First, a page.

Michael Wharley Photography
We’ve been working together with Michael for many years. He is an incredibly talented headshot photographer and also shoots for theatre and film posters (amongst many other disciplines). We initially worked together on the film poster design for Victim – a project which we managed the concepts, art direction, visual designs and compositing, working right through to the final poster. Michael is a delight to work with. Very accommodating and quick with excellent ideas and advice. Needless to say we hit it off!
Michael really understands the strength of his brand and came to aitch asking for us to develop him an identity that was simple, clean, stylish and adaptable. Able to be used in any and all situations (just like all well-thought out branding will!).
We produced a number of concepts and, working closely with Michael, developed to a finished brand which we have rolled out across all print and digital touch points.
When it came time to produce a printed promotional brochure – we were back in action! It’s so great to be able to be asked to allow the photographs to do the talking, and Michaels brief was both tight and loose in that respect. Our collaborations illustrate the need for a strong sense of objective, without being prescriptive as to the solution. We like solving problems. He gives us the space to do just that.
Michael came to us with the idea that he was going to produce a series of shots as a personal project (which went on to become as part of a series of fundraising activities for the ‘Acting For Others’ Charity, of which Dame Judi Dench is president.) harking back to an original book of illustrations and instructions for actors of the various ‘Attitudes’ required for acting.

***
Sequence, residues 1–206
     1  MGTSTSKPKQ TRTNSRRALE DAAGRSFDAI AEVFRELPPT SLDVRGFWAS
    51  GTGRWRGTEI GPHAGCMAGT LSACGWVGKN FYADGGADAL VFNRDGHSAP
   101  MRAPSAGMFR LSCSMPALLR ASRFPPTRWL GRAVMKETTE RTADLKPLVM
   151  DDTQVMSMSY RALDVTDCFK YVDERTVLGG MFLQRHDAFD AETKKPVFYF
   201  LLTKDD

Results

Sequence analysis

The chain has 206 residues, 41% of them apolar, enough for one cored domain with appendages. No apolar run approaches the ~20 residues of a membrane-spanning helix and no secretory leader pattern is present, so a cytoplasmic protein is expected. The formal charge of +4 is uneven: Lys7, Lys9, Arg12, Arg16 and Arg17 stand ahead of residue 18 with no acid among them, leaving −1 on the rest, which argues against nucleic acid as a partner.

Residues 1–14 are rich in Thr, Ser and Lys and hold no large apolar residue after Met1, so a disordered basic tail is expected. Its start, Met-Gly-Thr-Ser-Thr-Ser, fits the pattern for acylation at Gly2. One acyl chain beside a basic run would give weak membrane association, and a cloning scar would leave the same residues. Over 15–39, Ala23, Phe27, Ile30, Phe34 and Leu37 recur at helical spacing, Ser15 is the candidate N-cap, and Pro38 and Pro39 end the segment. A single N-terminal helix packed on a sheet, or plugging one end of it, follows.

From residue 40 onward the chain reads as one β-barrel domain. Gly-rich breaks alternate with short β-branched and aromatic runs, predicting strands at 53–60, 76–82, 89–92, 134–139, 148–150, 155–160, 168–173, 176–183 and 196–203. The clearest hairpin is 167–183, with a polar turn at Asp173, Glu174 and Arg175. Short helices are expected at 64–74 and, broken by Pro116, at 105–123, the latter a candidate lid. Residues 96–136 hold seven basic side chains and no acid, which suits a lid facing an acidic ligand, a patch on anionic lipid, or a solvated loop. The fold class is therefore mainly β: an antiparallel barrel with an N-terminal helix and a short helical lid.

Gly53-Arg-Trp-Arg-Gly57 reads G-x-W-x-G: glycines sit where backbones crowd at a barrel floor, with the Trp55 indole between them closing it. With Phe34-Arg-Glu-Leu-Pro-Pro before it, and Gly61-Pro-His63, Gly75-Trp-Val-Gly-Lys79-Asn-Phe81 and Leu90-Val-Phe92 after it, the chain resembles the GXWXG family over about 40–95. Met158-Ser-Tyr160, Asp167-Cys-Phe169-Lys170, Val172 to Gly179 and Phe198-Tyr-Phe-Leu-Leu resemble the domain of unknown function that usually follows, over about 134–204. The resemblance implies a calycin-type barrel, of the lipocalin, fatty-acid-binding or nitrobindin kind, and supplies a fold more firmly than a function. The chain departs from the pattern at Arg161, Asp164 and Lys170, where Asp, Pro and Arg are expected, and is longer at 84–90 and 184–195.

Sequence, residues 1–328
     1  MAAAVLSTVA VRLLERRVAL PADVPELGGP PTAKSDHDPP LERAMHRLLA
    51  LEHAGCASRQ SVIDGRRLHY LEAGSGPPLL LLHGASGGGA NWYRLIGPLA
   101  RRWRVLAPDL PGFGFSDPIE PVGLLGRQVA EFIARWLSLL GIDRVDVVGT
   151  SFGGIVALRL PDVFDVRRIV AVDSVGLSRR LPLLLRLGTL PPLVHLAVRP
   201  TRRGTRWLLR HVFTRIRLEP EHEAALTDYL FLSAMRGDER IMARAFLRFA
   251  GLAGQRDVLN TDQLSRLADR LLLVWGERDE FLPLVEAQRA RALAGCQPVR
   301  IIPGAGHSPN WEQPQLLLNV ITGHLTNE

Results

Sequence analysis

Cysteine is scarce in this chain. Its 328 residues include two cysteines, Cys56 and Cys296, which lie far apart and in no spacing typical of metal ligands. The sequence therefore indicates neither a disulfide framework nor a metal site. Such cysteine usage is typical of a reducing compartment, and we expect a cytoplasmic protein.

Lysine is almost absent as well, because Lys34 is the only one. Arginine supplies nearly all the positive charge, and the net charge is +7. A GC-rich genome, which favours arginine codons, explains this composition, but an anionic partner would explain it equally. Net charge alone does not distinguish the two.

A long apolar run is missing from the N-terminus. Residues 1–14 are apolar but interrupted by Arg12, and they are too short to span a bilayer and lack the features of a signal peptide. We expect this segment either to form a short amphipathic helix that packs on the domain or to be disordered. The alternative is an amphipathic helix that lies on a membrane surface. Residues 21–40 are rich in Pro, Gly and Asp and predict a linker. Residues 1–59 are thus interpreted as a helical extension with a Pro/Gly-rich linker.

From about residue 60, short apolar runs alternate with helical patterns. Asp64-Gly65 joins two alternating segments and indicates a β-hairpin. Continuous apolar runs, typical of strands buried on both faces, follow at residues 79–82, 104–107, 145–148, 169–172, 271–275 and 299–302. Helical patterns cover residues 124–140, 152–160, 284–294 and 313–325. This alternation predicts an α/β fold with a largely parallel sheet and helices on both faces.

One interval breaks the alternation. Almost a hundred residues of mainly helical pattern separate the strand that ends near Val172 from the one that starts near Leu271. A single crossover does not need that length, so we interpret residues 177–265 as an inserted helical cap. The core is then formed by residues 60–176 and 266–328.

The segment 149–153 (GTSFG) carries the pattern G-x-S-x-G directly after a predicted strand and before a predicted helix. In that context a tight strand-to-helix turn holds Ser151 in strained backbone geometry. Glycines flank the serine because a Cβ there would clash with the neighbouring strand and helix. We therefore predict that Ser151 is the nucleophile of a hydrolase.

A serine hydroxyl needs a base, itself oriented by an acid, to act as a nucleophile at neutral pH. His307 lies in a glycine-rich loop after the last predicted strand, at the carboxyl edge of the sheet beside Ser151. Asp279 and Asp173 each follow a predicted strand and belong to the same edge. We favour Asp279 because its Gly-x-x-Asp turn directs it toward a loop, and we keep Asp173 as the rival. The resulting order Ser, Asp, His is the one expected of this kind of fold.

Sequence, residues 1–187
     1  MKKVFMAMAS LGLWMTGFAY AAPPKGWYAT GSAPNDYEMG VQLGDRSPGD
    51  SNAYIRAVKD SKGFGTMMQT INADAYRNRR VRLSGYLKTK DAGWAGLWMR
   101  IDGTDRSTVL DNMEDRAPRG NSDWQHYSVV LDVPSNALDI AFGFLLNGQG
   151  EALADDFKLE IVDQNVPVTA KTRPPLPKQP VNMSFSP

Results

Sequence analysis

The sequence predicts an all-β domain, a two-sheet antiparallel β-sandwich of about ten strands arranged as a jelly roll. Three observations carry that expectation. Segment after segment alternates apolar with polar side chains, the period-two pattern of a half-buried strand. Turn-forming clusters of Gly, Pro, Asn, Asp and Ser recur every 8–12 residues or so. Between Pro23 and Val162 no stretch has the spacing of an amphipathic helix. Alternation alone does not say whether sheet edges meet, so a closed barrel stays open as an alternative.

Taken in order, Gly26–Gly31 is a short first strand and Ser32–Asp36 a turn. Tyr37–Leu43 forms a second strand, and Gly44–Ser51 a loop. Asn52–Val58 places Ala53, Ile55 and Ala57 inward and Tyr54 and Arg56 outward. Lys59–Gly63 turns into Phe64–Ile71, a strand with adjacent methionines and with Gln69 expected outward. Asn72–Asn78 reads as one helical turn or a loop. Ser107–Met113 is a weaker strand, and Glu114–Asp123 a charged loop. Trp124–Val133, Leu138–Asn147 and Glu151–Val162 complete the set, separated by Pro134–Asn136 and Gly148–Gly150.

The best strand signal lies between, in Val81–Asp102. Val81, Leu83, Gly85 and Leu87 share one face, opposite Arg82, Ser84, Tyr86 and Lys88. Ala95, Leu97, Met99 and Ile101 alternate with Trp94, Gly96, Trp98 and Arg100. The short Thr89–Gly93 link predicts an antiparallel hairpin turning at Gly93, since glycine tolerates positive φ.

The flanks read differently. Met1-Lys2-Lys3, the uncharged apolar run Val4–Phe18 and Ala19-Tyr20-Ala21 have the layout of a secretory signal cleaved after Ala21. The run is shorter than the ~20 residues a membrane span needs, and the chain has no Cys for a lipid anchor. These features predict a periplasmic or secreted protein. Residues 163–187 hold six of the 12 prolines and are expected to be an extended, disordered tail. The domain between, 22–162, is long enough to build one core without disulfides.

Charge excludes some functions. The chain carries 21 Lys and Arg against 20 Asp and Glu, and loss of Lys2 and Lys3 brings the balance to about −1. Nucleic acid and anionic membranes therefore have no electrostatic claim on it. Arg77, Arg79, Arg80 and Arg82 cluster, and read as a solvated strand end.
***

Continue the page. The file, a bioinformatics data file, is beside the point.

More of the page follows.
Michael said : ‘The idea is that the project is not a period piece or acting museum, but exploring how an approach that held sway for such a long time and is now ‘replaced’ by naturalism, is in fact a lot of closer to modern acting and what we expect of it then we might think. There’ll be humour, as some of the poses are ridiculous to modern tastes, but also more subtle and sensitive stuff…”
Step one was to create a logo for the project. Based on Michaels image of the phenomenal actor David Gant showing ‘Stealth’ we developed approaches to take the logo out of any particular time.
The Attitudes Spreads
Wonderfully, the project blossomed and alongside an exhibition at the Globe Theatre, showcasing the imagery, Michael decided to produce a 30cm x 30 cm hardback book of the project as his submission for Fellowship of the Royal Photographic Society.
Our Brief read : “It should feel like a book about a project by me, rather than a book about me. It should feel like a fine art photography publication, not promotional, not about my business, not explaining my work. At the Fellowship level, you’re already supposed to be a master photographer so the more status inherent in the design, the better. We produced spreads which allowed the type and imagery space to balance and complement one another.
The finished book is a gorgeous testament to the fact that good design should be invisible.